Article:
In ASEAN, the COVID-19 pandemic has led to an increase in digital transformation, from banking and manufacturing to the healthcare and insurance businesses. An increase in connectivity among businesses, customers and employees, has created an environment where there are more opportunities for cyber-attacks.
“Millions of employees worldwide who are suddenly working from home and highly sophisticated actors are threatening the databases,” said Sandeep Kumar, resiliency services leader, Global Technology Services at IBM ASEAN.
According to Interpol’s ASEAN Cyberthreat Assessment report, the average cost of a data breach is US$3.86 million, and the average time to identify and contain a breach is about 280 days. In ASEAN, “ransomware continues to plague businesses and consumers, with indiscriminate campaigns pushing out significant volumes of malicious emails.” Phishing and Business E-mail Compromise (BEC) are other common attacks in the region.
At a recent roundtable discussion, we talked to leading IT executives from public and private organizations in ASEAN on the essentials and concerns for a cyber recovery.
Lack of awareness of cyber recovery
A cyber-attack can lead to business disruptions, data theft and corruption and eventually financial losses.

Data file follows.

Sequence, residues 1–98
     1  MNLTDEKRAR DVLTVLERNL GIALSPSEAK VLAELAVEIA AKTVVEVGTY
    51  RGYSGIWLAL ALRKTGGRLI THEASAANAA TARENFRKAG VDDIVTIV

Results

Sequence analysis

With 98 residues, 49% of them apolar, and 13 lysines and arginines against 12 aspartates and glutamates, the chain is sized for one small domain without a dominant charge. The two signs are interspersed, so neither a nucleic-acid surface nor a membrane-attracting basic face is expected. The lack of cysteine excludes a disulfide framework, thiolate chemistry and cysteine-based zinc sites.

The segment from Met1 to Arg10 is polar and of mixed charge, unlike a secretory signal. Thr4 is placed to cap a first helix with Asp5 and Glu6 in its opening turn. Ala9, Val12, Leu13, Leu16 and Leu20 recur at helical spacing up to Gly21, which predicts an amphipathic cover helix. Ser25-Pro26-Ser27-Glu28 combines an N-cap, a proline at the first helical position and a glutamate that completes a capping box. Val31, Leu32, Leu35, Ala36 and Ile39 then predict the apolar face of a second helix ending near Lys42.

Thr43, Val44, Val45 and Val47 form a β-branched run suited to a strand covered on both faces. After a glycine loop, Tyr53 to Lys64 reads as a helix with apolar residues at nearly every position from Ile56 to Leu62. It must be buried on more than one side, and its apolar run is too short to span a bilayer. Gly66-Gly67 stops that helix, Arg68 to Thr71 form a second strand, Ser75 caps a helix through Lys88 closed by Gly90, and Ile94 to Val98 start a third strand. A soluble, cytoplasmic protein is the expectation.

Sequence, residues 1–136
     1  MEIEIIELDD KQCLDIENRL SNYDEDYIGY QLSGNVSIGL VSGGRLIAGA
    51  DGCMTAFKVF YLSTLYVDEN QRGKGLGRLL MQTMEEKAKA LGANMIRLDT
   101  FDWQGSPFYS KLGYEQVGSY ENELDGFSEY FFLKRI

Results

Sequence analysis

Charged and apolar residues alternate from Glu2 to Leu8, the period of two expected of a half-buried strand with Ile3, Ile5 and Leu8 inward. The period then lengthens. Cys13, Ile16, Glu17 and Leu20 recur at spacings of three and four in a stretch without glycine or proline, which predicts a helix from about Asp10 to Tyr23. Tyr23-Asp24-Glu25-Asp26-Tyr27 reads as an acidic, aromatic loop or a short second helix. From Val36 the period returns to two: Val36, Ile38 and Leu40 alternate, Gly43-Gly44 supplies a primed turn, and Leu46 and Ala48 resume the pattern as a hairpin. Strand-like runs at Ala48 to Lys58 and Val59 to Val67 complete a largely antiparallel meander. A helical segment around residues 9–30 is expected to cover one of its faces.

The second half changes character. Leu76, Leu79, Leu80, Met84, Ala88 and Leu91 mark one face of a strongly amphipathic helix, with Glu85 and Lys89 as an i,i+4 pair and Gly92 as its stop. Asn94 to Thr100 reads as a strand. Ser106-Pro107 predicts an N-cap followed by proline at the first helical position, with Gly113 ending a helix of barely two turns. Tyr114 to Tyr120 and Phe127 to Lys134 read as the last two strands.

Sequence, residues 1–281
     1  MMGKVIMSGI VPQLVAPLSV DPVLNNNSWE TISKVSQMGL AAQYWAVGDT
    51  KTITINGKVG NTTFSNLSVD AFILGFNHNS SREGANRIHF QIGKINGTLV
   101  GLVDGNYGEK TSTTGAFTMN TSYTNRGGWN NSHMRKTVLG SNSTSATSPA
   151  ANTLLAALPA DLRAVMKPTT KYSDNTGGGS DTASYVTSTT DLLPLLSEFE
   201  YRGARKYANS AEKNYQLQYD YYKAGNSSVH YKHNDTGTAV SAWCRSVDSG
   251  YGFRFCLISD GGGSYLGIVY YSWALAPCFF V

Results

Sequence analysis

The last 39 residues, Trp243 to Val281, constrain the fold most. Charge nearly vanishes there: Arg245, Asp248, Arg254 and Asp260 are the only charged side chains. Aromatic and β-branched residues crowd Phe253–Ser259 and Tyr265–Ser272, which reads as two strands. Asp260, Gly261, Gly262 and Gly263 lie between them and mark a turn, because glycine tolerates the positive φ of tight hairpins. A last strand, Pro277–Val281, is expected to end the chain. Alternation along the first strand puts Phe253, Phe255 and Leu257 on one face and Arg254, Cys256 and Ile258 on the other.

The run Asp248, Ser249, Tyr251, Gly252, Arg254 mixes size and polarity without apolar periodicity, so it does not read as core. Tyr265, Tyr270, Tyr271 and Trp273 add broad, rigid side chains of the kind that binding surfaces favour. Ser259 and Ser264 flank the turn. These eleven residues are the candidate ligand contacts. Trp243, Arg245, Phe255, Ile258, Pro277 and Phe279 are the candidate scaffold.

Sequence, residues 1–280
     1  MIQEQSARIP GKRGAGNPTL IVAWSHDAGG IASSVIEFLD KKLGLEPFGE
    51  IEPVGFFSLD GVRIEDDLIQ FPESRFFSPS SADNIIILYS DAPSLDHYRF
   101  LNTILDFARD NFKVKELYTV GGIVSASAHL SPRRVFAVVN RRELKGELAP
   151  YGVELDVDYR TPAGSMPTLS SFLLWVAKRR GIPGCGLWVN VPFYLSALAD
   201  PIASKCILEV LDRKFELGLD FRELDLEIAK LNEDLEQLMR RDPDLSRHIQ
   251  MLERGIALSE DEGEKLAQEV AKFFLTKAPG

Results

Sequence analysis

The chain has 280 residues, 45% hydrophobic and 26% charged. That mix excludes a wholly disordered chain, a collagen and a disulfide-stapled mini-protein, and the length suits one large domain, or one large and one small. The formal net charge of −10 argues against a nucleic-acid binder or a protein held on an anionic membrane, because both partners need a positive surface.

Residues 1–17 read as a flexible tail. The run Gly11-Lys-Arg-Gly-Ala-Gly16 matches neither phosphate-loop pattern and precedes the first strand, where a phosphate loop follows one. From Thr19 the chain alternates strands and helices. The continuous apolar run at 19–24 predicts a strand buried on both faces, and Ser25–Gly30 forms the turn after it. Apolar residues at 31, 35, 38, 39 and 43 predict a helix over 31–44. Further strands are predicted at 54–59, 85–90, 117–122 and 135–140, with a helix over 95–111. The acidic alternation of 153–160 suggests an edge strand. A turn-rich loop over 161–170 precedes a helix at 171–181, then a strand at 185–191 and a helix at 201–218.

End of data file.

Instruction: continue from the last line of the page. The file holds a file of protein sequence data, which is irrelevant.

According to a Gartner survey, 62% of respondents are increasing investment in cybersecurity in 2021 in the Asia Pacific region. But the majority or 77% of companies do not have an incident response plan for a cyber breach.
Despite an increase in cyberattacks and malware, “if there is no incidence, it is just a threat, sometimes we are not getting the attention that it is important,” said Trisit Sookkiaw, head of infrastructure services assistant to the IT director at AIA Thailand.
In addition, “Many cannot do it. It is only on paper,” Kumar added.
He said IBM conducted a survey of about 1000 respondents and that 44% of organizations had cyber protection and a mere 32% had an effective plan.
When there is a breach in security, operations will fall apart. “Respond and recovery is important from a business perspective. The operations of the hospital cannot go down,” said Chong Keong Chew, group chief information security officer of National University Hospital in Singapore.
“We are not talking about protecting a system. We are talking about protecting the business,” said Emilio Griman, director of Centre of Competency, IBM Resiliency Services, Global Technology Services.
“It is not a matter of if you are going to get hit but when you get hit, what are you going to do? What is your plan? Who are the people engaged in the plan? What are the crown jewels you need to recover?” he added.
“It is important to respond and recover,” said Moses Romero, head of Security Clearance Advisor at Mayflower-Marriott Executive Apartments in Indonesia.
Participants concurred and said that they are focused on protecting the system but also worried about data integrity when there is a breach. This is especially so for the healthcare sector but there are challenges.
“Patient safety is important. The challenge is to restore the data and ensure accuracy to continue care. It involves a lot of planning because sometimes in healthcare there can be many sources which can include propriety systems like laboratory information systems, beyond the EMRs and administrative systems,” said Patrick Chia, director of Integrated Health Information Systems in Singapore.